Before all this, Gsellman had been a respectable-enough hitter. He had two hits in 14 minor league at-bats in 2015, and struck out only four times. Jeff Paternostro, the senior prospect writer for Baseball Prospectus, saw Gsellman's swing in a game that year and mentally filed it away as "fine for a pitcher." In that game, Paternostro also saw Gsellman (in jest) dispute a strike called on him by the home plate ump, indicating that he has at least some interest in performing the task.
So by this point, any careful observation of Gsellman would produce one of two hypotheses: He physically can't swing; or he's trying to win a bet. In either scenario, he's not swinging. A helpful scouting report on Gsellman the hitter might read: "It's a hard G, like guh-ZELL-man."
So, on 0-2, Jaime Garcia throws him a slider in the dirt.
There are wasted pitches, and there is this 0-2 slider to a batter who can't swing. The umpire has to give Garcia a new baseball. It's literally wasted. A cow died for that baseball. Carbon was emitted to manufacture, transport, throw and discard that baseball.
Garcia throws him a curveball for strike three, looking. As one does, Gsellman stares down at his bat as he walks out of the batter's box, like the bat did something wrong.
3 & 4.
It's now his second start, against a new opponent -- the Phillies. This means an opponent that hasn't seen him, but also an opponent that has had its major league advance scouts see him.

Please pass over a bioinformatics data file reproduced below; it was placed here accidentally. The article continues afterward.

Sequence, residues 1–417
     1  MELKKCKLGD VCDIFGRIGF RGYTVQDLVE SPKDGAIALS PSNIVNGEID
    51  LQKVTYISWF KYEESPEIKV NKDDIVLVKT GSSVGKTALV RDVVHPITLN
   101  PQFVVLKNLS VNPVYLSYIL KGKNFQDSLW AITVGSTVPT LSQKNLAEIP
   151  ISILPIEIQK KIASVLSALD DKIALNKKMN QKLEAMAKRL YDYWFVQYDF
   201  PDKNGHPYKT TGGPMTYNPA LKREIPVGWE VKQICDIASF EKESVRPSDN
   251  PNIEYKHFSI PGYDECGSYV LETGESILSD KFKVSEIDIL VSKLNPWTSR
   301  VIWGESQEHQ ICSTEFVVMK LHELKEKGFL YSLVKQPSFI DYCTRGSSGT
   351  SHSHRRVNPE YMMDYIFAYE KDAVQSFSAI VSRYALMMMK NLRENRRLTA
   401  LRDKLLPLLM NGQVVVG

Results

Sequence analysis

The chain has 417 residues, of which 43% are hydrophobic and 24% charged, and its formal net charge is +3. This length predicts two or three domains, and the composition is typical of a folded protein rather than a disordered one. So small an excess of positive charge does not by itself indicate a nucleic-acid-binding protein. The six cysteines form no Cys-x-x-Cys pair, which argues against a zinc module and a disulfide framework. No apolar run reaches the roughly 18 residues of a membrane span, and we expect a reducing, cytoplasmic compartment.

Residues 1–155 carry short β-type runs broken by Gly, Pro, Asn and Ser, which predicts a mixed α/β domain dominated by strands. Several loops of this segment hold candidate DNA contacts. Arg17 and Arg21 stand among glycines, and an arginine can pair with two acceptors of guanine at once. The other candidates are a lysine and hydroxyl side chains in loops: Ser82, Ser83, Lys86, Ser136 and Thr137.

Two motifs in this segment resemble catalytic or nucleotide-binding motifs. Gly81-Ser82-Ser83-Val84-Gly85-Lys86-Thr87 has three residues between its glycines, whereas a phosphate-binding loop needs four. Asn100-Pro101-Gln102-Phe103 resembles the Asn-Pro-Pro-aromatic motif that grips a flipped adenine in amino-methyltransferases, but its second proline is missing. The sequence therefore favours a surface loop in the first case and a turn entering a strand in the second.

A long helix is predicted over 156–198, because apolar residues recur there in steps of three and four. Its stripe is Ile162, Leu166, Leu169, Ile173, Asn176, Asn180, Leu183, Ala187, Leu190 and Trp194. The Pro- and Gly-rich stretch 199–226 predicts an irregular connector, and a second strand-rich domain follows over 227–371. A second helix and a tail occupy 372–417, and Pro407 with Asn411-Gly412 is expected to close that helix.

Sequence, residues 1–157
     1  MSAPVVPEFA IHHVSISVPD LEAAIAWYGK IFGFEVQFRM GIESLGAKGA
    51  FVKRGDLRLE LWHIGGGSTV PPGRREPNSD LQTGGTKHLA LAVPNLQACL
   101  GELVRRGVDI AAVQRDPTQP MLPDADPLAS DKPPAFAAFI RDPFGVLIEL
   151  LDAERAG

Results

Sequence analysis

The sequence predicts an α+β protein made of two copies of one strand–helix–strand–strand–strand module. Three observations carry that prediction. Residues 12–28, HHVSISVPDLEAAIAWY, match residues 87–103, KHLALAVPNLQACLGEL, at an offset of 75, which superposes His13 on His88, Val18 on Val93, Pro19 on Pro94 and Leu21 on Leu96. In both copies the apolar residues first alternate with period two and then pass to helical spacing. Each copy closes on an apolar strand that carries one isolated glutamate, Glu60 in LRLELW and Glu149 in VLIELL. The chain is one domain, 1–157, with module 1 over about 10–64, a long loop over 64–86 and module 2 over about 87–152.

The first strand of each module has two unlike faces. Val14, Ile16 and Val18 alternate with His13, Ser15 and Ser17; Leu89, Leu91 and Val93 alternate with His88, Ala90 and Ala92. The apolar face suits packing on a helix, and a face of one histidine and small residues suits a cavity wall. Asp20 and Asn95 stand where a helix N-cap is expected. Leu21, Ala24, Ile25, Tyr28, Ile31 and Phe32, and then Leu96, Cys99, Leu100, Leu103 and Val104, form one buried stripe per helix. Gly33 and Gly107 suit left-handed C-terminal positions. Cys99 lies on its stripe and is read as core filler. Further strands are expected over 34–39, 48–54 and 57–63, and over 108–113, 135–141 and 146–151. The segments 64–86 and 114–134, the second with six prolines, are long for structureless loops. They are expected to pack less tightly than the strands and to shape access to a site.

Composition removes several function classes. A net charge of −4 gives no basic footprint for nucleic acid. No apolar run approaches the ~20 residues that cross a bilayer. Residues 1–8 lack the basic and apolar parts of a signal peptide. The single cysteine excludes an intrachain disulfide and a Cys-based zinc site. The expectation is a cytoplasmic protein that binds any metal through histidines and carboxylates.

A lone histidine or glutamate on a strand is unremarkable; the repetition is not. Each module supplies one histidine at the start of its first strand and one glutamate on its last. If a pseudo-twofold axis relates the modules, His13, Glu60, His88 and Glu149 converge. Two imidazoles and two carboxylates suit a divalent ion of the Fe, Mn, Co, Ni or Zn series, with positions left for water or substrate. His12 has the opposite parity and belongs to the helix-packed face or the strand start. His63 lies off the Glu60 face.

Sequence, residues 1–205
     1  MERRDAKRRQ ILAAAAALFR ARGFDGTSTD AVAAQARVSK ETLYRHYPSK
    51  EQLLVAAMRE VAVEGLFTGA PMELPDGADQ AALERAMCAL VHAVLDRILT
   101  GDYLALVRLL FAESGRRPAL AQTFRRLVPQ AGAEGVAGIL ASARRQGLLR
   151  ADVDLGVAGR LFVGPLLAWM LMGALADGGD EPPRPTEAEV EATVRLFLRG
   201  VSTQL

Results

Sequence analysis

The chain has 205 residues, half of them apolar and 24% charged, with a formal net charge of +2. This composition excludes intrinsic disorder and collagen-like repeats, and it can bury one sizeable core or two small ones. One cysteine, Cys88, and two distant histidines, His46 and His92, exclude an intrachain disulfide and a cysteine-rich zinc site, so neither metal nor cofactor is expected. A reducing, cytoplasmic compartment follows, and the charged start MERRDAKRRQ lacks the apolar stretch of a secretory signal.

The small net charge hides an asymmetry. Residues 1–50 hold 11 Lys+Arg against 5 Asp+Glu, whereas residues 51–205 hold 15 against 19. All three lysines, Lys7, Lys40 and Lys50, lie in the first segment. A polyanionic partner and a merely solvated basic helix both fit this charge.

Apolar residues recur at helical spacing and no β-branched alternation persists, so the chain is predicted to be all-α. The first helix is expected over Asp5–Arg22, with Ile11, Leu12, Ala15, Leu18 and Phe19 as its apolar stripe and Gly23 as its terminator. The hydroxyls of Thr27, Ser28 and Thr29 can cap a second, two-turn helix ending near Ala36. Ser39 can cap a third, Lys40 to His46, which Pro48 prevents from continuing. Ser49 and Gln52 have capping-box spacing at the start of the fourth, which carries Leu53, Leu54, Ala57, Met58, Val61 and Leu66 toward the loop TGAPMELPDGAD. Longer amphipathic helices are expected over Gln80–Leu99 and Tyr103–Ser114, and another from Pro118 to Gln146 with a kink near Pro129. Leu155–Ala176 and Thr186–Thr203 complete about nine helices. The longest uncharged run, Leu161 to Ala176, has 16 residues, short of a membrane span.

An error puts two men on with nobody out in his first at-bat, though, so he gets to bunt. He's wearing the same batting gloves that had been randomly assigned to him one start earlier. First baseman Tommy Joseph stands about 10 feet in on the grass and charges aggressively, but not aggressively enough to suggest he knows Gsellman's secret -- it's an obvious bunt situation, after all. Everything still looks like normal baseball: A good bunt, a perfunctory act of defense, an out. The Mets' broadcast team praises him for his second successful bunt. "Gotta help yourself," Keith Hernandez says.
He bats once more in this game, in another sacrifice situation. After each pitch, he takes a long look down to the third base coach, looking for his sign. He is incapable of swinging a baseball bat, it is an obvious bunt situation and he still looks to an authority figure for instructions. This is why self-help books sell.
He strikes out bunting a 3-2 fastball foul. The pitch is probably high, in a location that is called for a strike only 30 percent of the time. There is no indication the Phillies know what's up, or that they don't, but circumstances have allowed a man who is physically incapable of swinging a baseball bat to credibly bat four times in major league action. Heaven help us if Frank Abagnale ever tries to play baseball.
New game, new opponent -- the Nationals. New batting gloves, pristine white.
Tanner Roark's first pitch is a fastball down the middle. It's 91 mph, compared to the 93 mph he averages in the start. Perhaps he knows? Probably not. The next pitch is 93, also a strike, and Gsellman shows bunt but takes it for strike two. And then, the crucial decision: On 0-2, as he waits for the pitch, he sneaks a peek at the third baseman in the corner of his eye. He's going to bunt yet again.
Now, at this point Gsellman either has a secret or he doesn't, and part of what makes this complex is that he doesn't know. All the Nationals (or any team) needed to do to figure things out was note the odd bunting pattern, check his minor league performance and put it together. On the other hand, the bunting pattern was only slightly suspicious. And one can imagine team employees preferring to spend their time on something more useful than a rookie pitcher's recent minor league batting, like checking Twitter.